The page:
This easy walk has a gradual climb through woodland and up to the stunning waterfall. As you make your way along the stone path to Aber Falls, be sure to look out for the incredible flora and fauna of the area, such as wood warblers and redstarts in Spring and Summer, whilst Autumn sees the trees turn into a red, orange and yellow display of nature’s finest work. Your expert walking guide will lead the way through the woodland path and open grassland to truly appreciate the every-changing beauty of the Welsh landscape.
Easy walk – Duration: 2.5 hours / Distance: 3.7 miles / Altitude gain: 330ft (100m) / Terrain: footpaths with a gradual and continuous climb, with a compacted stone surface and some loose gravel, benches along the way.
This morning we enjoy a scenic drive through Snowdonia National Park to reach Portmerion, taking in views of the sparse, verdant countryside that Wales is famous for.
Stunningly located on its own lush peninsula, this atmospheric village is the most popular destination in Wales and is truly unique.
Welsh architect Sir Clough Williams-Ellis who masterminded the project was inspired by the beauty of Portofino and decided to create his own version of the Italian village complete with delightful architecture, pretty gardens and coastal views. The village was developed over the course of 50 years, starting from 1925, and today all the buildings are listed. We have time to explore and enjoy the facilities as well as the almost Mediterranean atmosphere created by the Italianate architecture and vegetation.
After exploring this truly unique village we will head to the castle village of Cricieth to the start of our walk which will take us on the beautiful Welsh Coastal Path alongside Ceredigion Bay, towards the river Dwyfor and then up through Llanystumdwy, enjoying views of both the sea and the countryside.
Criccieth and Llanystumdwy Wales Coastal Walk
Starting in Cricieth, the Welsh Coastal Path traces Ceredigion Bay, towards the river Dwyfor and then up through Llanystumdwy. Your journey begins at the end of the coastline road, with views of contemporary Cefn Castell, featured on Grand Designs, soon coming into view.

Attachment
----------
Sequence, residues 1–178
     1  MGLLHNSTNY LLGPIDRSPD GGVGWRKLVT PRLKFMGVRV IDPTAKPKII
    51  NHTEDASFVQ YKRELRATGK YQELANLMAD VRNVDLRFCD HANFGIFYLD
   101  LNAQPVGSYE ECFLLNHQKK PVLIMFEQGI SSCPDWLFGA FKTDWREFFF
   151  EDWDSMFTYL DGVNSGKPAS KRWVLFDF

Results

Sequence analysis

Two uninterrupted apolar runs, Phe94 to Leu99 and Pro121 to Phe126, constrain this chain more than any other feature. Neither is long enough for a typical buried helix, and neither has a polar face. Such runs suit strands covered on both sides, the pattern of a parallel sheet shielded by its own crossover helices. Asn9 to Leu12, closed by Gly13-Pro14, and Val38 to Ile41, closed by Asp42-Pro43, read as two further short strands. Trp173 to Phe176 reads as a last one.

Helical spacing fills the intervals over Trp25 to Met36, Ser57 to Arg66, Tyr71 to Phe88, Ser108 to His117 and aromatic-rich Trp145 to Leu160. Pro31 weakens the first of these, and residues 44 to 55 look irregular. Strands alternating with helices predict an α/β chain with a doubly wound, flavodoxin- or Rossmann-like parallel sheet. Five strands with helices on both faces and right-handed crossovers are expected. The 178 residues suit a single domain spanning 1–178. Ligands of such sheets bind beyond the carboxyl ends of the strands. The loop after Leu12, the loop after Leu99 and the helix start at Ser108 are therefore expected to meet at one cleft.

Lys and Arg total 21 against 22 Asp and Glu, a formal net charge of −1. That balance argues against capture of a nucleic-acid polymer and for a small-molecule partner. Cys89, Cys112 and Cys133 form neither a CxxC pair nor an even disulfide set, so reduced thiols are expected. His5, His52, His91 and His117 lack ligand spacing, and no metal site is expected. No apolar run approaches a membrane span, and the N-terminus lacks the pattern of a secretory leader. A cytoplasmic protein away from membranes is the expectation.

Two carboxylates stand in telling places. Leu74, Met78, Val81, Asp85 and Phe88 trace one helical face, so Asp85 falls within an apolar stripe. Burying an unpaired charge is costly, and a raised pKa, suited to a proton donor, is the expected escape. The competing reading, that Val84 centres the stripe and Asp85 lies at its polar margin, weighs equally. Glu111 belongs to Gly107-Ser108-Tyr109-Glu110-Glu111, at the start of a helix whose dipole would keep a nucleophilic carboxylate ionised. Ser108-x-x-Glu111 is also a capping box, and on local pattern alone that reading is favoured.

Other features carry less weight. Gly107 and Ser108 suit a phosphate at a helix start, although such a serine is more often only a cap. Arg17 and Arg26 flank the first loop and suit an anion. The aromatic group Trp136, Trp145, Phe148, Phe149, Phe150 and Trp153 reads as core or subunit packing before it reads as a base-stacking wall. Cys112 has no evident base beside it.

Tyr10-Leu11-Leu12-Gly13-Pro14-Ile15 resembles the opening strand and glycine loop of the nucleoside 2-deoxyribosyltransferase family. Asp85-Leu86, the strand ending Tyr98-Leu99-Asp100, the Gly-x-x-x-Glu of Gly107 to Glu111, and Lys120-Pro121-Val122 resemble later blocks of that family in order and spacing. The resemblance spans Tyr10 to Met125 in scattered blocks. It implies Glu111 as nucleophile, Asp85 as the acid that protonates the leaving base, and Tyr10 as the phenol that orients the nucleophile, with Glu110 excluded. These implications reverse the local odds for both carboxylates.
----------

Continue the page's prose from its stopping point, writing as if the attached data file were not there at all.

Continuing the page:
We amble past the National Trust Ynysgain and see signs of the wildness of nature with evidence of coastal erosion. Continue onward to the river Dwyfor, where winding boardwalks mark our way. After following the open fields and rail lines, we finish in the quaint village of Llanystumdwy, the final resting place of David Lloyd George.
Easy walk – Duration: 3 hours / Distance: 4.3 miles / Altitude gain: 288ft (88m) / Terrain: gravel paths and boardwalks along the coastline and countryside, footpaths along country lanes.
Today we discover yet another side to North Wales, in the perfectly-kept Bodnant Garden, with the contrasting silhouette of Snowdonia in the distance. One of the most beautiful gardens in the UK, this National Trust property overlooks the Conwy Valley.
The garden was established in 1874 and has been curated and improved upon over 150 years. Colourful and vibrant year-round, you’ll have plenty of free time to explore and take in the large stately lawns, dense woodland and grand terraces.
We then visit Conwy with free time for lunch and to explore. Famous for its impressive 13th century castle, this traditional walled town is one of the most complete in the country.
The castle dominates the town, being located on a rocky outcrop, and is a UNESCO World Heritage site. Conwy offers a wealth of cafes, restaurants and traditional pubs. Why not try some Bara-Brith, the famous spiced fruitcake usually found in local shops, bakeries and tearooms?
This afternoon as we call at a local vineyard before returning to Llandudno. While you might not think of Wales as a wine-producing nation, the owners of Gwinllan Conwy inventively use hybrid grape varieties to ensure that they grow in this particular climate.
With Snowdonia as a backdrop, this unique vineyard spans over 3 acres with 3000 vines, where the specific soil and climate of North Wales adds a delicate freshness to their five wine varieties. We will learn more about their techniques and enjoy a tasting before we return to our hotel.
After breakfast at your hotel, why not enjoy a leisurely stroll along the promenade before returning, or perhaps an invigorating morning walk to the Great Orme